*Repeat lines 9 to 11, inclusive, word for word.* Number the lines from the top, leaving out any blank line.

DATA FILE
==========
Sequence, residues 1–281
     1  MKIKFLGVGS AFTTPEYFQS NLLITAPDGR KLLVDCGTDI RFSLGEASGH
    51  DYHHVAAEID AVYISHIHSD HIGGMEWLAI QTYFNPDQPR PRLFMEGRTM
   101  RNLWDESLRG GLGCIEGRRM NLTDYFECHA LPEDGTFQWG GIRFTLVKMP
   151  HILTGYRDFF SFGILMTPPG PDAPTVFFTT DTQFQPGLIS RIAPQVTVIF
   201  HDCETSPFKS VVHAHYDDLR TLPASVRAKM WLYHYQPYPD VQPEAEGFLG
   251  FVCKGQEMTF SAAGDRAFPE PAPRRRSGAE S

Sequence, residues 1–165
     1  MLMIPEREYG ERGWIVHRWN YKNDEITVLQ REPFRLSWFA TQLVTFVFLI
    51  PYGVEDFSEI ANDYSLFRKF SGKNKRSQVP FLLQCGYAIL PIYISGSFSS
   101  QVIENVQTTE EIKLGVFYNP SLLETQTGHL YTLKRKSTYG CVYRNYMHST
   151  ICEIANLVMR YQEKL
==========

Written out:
     1  MLMIPEREYG ERGWIVHRWN YKNDEITVLQ REPFRLSWFA TQLVTFVFLI
    51  PYGVEDFSEI ANDYSLFRKF SGKNKRSQVP FLLQCGYAIL PIYISGSFSS
   101  QVIENVQTTE EIKLGVFYNP SLLETQTGHL YTLKRKSTYG CVYRNYMHST